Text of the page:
@Kareni: Thanks for letting me know that. I enjoyed it too, it just took me forever to finish it! I have Lady with a Black Umbrella to read and review as well, but I think I need to hold off on that for a while. Because I spent such a long time reading An Unlikely Duchess, I don’t think I can do justice to another frothy Balogh right now.
From your description, it doesn’t seem as much farce (was it slapsticky?) as an intentional Regency era screwball comedy, which sounds like a creative mix and rather appealing to me. If you didn’t like Bringing Up Baby, I can see how you wouldn’t like this (though the plot here reminds me more of It Happened One Night or The Bride Came C.O.D.) I haven’t read Balogh because her blurbs make her books sound boring and conventional, but I may try this one. Thanks for the detailed review.
@MY: Yeah, that’s a good point. Farce was the wrong word to use! It is more of a screwball comedy. I haven’t seen the movies you mention, so I can’t say how the plot resembles them.
Balogh has written many books that aren’t at all boring or conventional, and I’d be happy to recommend some if you are looking for that. I tend to prefer her mid-career (1991-1998) books, but she has written good books before and since then, too. She can be hit or miss and it took me a few tries to appreciate her writing, but she is now one of my favorite authors in the genre. Most of her books are more emotional and not as comical as this one.
Thank you, Janine. I do like unconventional in both historical and contemporary romance, and it doesn’t have to be humorous. Just any story that veers away from the predictable. I’ve read too many romances that feel entirely interchangeable.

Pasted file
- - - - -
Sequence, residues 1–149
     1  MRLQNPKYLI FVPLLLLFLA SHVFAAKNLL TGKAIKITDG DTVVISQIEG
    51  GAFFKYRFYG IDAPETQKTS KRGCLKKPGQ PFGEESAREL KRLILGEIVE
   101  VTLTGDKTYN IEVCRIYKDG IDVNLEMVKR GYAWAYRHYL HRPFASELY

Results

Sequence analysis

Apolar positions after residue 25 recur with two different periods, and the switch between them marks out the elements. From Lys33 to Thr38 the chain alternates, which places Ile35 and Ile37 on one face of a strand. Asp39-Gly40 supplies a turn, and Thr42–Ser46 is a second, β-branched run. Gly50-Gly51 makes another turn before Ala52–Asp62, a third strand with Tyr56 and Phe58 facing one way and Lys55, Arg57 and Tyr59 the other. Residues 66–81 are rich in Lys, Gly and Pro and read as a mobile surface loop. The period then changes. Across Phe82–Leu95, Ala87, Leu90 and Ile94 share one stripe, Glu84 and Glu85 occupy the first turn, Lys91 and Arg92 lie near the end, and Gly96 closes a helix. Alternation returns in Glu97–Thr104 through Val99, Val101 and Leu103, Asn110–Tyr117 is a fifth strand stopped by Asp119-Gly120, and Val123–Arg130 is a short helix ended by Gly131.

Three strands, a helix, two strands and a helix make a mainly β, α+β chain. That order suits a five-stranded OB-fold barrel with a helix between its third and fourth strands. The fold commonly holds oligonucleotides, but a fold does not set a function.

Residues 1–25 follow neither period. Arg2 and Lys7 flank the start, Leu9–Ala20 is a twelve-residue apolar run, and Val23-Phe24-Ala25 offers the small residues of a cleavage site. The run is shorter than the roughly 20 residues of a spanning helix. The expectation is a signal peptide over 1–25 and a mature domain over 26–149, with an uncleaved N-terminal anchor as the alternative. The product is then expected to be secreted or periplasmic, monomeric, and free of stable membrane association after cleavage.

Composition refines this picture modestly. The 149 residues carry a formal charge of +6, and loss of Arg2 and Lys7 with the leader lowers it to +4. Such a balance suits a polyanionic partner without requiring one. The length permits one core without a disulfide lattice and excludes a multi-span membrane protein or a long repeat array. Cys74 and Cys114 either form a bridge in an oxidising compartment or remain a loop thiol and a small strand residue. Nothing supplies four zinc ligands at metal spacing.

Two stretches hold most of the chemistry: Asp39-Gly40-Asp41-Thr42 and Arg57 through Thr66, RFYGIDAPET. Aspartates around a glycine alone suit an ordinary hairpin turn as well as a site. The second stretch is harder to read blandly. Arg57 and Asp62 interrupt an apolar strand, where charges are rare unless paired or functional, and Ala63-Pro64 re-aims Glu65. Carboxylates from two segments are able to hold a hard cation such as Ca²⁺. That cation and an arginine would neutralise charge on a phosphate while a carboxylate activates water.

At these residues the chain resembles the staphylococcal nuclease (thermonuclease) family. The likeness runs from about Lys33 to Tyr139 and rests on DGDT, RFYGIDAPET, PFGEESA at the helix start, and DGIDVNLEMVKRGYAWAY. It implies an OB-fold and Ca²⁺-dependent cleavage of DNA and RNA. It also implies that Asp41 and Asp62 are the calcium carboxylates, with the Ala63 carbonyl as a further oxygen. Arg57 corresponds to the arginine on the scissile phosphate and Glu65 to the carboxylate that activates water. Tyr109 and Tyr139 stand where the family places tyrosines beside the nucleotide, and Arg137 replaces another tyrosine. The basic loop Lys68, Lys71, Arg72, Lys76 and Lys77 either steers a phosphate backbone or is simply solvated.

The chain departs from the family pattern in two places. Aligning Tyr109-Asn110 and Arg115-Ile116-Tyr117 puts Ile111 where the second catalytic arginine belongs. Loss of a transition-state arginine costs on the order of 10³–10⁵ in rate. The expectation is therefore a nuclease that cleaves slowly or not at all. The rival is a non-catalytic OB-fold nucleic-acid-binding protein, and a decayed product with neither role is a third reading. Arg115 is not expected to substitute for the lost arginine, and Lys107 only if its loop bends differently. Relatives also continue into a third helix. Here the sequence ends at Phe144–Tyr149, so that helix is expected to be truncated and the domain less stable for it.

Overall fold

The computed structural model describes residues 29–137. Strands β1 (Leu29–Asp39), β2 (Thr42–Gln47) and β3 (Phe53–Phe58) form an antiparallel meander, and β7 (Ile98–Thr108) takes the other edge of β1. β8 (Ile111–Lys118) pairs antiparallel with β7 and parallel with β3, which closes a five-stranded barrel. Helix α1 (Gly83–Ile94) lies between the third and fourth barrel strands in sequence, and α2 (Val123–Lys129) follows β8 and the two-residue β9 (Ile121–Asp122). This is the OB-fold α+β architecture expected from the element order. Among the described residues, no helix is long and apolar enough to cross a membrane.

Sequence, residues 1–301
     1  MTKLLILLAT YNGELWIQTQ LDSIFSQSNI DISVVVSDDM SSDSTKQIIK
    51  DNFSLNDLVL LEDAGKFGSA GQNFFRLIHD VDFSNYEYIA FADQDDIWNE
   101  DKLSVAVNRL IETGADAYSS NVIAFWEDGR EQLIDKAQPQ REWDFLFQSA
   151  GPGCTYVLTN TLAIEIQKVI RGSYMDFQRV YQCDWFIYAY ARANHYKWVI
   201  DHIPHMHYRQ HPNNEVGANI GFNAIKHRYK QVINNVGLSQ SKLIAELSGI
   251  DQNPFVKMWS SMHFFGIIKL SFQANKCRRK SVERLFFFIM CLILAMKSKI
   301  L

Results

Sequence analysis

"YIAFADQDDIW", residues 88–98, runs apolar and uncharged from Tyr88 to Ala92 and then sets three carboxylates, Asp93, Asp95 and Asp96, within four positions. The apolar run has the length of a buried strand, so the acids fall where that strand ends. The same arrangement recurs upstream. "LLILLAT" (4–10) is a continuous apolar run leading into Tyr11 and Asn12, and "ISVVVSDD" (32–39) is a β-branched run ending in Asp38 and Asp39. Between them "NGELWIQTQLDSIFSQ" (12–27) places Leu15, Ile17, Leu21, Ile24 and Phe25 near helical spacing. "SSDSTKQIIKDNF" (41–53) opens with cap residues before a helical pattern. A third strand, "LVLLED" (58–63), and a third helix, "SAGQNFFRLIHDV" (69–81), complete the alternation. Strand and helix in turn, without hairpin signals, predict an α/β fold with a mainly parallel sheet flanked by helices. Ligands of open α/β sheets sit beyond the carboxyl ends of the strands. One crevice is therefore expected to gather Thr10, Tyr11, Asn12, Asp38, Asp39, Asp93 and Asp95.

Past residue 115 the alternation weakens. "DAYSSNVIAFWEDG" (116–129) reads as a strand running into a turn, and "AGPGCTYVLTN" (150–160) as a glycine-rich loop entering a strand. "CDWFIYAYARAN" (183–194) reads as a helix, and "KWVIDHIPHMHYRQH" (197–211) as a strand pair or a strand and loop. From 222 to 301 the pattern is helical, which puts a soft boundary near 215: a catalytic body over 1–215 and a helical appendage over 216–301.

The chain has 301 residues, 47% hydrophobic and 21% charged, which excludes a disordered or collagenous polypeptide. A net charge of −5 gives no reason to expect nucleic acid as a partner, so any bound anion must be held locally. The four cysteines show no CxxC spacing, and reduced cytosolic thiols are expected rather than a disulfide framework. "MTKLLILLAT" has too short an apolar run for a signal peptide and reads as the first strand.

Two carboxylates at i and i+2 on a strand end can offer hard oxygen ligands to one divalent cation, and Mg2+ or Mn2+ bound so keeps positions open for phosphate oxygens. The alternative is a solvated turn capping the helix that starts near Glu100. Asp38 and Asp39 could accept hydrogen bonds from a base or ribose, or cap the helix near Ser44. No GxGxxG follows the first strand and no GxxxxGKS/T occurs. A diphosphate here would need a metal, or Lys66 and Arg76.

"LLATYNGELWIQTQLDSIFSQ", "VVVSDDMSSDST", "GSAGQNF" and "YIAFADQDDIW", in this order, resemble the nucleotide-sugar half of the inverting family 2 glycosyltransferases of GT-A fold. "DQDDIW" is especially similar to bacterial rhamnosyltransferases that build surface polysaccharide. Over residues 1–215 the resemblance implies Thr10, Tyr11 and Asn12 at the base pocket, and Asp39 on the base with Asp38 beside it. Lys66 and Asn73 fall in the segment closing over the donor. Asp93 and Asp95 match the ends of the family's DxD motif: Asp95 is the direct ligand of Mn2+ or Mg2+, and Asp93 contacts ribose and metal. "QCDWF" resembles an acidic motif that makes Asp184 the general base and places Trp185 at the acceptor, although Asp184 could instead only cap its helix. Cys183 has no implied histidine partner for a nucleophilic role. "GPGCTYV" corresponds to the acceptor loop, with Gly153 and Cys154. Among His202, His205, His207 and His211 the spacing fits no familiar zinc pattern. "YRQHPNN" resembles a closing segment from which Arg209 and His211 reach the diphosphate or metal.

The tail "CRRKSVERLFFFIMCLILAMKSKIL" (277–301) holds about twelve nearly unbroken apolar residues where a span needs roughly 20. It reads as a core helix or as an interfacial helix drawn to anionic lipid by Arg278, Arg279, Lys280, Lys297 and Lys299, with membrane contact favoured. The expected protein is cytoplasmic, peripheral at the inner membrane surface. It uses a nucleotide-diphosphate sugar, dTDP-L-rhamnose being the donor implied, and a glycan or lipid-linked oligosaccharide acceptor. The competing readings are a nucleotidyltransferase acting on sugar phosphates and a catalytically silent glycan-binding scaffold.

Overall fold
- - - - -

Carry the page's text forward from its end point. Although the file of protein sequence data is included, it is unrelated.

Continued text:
@MY: One of the reasons I read Balogh is that many of her books have fresh plots. She has a long backlist so I’ll just recommend a handful in order not to overwhelm you with suggestions, and you can tell me which of these sound like they might interest of you.
A Precious Jewel (1993) feels fresh to me because the heroine loses her fortune and becomes a prostitute. She actually works in a brothel and this isn’t romanticized in any way. The hero is one of her regular customers and prefers sex to be perfunctory. One day he visits her at the brothel after a customer has abused her. To get her out of there, he makes her his mistress, but that’s all either of them expects she’ll be. Slowly, things begin to change. One of the other things that is really different is that Gerald, the hero, isn’t handsome and Priss (the heroine) is more intelligent than he is, a fact of which he is aware.